Someone recently asked me, “What do you consider the biggest threats facing the industry over the next few years?”
Here’s my take – The large-scale retirement of the baby boomer generation tied to a strong economy and a strong housing and credit market means most of our members are experiencing a boom time right now. Companies are growing and sales are strong as the last true “gearhead generation” is in an economic position to build and buy collector vehicles, RVs, etc. There is short term gain to be mined over the next decade here, and as that generation continues to become more comfortable with online purchasing and digital marketing the continued march of our members towards a direct to consumer communications and sales model will result in strong sales.
However long term, I see the following challenges facing our industry.
We not only need new consumers, we also need to pivot and adapt to find ways to communicate with them and develop products they want. The youth engagement task force and consumer engagement programs have made good strides in both of these categories, particularly exploring ways to connect with both consumers and young people as quickly and on as large a scale as possible. However, if our members don’t have products (or applications) the next gen consumers want, it will be a moot point. I believe we need to act quickly to push the research department to mine big data to help our members prepare for this. Global vehicle platforms, the continued demise of both manual transmissions and ICE engines and shifting young consumer tastes away from pre-72 domestic vehicles to 1980s-00s euro and Japanese vehicles are all going to change our market whether we like it or not, so we need to help our members prepare for it.
The distribution model is changing rapidly. A decade ago nearly all of our manufacturers sold through multi-step distribution. Now more than half sell direct to consumer and that number grows exponentially every year. This is not only effecting WDs and brick-and-mortars, it also creates new challenges (and opportunities) for the manufacturers. Proper MAP policies and enforcement, learning now the navigate the minefield of Amazon sales, e-commerce sales tactics and even taxation are all issues the industry is having to tackle quickly. SEMA has done a good job pivoting to help all the companies effected by this change with education on these topics, but it needs to continue and we need to address that as our industry continues to become more focused on the consumer, the show and even our association will need to reflect this change as well.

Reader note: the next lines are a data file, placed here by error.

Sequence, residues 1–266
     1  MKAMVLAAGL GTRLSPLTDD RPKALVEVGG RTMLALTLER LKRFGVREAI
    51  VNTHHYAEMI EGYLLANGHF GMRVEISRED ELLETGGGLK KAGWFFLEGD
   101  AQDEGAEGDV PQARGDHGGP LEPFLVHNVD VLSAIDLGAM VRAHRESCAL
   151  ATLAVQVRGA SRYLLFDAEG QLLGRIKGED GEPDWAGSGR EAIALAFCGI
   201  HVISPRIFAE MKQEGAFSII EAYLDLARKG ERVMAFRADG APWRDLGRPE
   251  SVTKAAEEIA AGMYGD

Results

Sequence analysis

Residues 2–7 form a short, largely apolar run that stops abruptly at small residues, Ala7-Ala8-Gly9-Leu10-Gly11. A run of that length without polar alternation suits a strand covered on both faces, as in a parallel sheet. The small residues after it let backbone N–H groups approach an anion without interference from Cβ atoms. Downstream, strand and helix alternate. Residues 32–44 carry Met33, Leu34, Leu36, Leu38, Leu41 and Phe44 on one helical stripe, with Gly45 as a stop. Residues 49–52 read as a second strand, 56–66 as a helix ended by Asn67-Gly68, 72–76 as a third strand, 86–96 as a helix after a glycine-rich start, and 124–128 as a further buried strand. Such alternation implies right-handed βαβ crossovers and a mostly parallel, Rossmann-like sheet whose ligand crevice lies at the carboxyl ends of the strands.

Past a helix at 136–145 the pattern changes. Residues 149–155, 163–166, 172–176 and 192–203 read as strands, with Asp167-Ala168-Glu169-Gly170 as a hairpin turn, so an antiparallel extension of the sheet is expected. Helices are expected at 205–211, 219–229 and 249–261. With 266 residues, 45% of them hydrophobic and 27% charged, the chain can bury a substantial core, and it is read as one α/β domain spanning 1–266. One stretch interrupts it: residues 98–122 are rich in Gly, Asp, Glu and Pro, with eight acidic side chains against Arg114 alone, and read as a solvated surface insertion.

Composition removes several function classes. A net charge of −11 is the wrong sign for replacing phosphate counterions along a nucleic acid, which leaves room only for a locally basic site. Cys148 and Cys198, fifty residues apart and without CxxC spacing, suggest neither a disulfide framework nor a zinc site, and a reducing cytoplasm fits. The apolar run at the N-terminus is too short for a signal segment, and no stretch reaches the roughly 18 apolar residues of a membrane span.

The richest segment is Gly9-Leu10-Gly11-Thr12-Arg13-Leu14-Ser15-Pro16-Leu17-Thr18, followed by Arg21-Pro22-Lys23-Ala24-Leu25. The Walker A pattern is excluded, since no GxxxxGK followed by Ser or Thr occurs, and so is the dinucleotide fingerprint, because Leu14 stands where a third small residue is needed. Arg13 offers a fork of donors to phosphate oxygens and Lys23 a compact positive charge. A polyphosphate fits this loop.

As a marketer, I am also acutely aware that we are already experiencing a massive shift in how media and marketing effect our industry.
There are essentially four “buckets” you can place media in that cover the aftermarket.
- The first is the one that started with Robert E. Petersen in 1948 – this bucket is the vertical press, the one that includes all the publishing and media companies that have print and digital outlets covering the aftermarket, motorsports, etc.
- The second bucket are content creators for brands. These are agencies and in-house marketing teams that do everything from social media and blog creation to video production to in some cases the creation of actual magazines and enthusiast microsites, all with the goal of creating content to attract and engage consumers.
- The third bucket is composed of mainstream media that cover the automobile, the industry or the hobby in some way but do not focus on the aftermarket. These are the auto beat reporters and “car guys” at publications ranging from LA Times and WSJ to Men’s Journal, Road & Track, Car & Driver, Maxim, etc. They occasionally cover cars, but rarely our world.
- The fourth bucket is the newest – these are the influencers, freelancers, social media mavens, bloggers, vloggers and podcasters.
This is where I see both the biggest challenge and the greatest opportunity. For 50 years SEMA has done a good job working with the first and second buckets. We welcome them to the SEMA Show, we host them at MPMC, we communicate with them about the RPM Act and other legislative issues, etc. However we have not done much with the third bucket which is basically unaware that SEMA is anything more than a trade show and looks upon most of the show with derision. By welcoming and including these people, we would dramatically increase mainstream awareness as they have the largest audience of anything on this list. However they need to be treated differently then the media in bucket one.
Finally we have the influencers and digital media creators in bucket four – these people are mostly self-funded, so they often do not have travel budget to come to our shows and most of our member companies do not know how to connect with them or even how to work with them. But they are powerful, and they are the single most powerful conduit we have to young consumers. People under 30 are fleeing cable television nearly as quickly as print media – so shows like Battle of the Builders will not be effective for reaching Millenials. These people ARE. We need to harness them, and use them to engage the next gen with organic content about our industry, the hobby and our members to drive both awareness and sales and secure our future.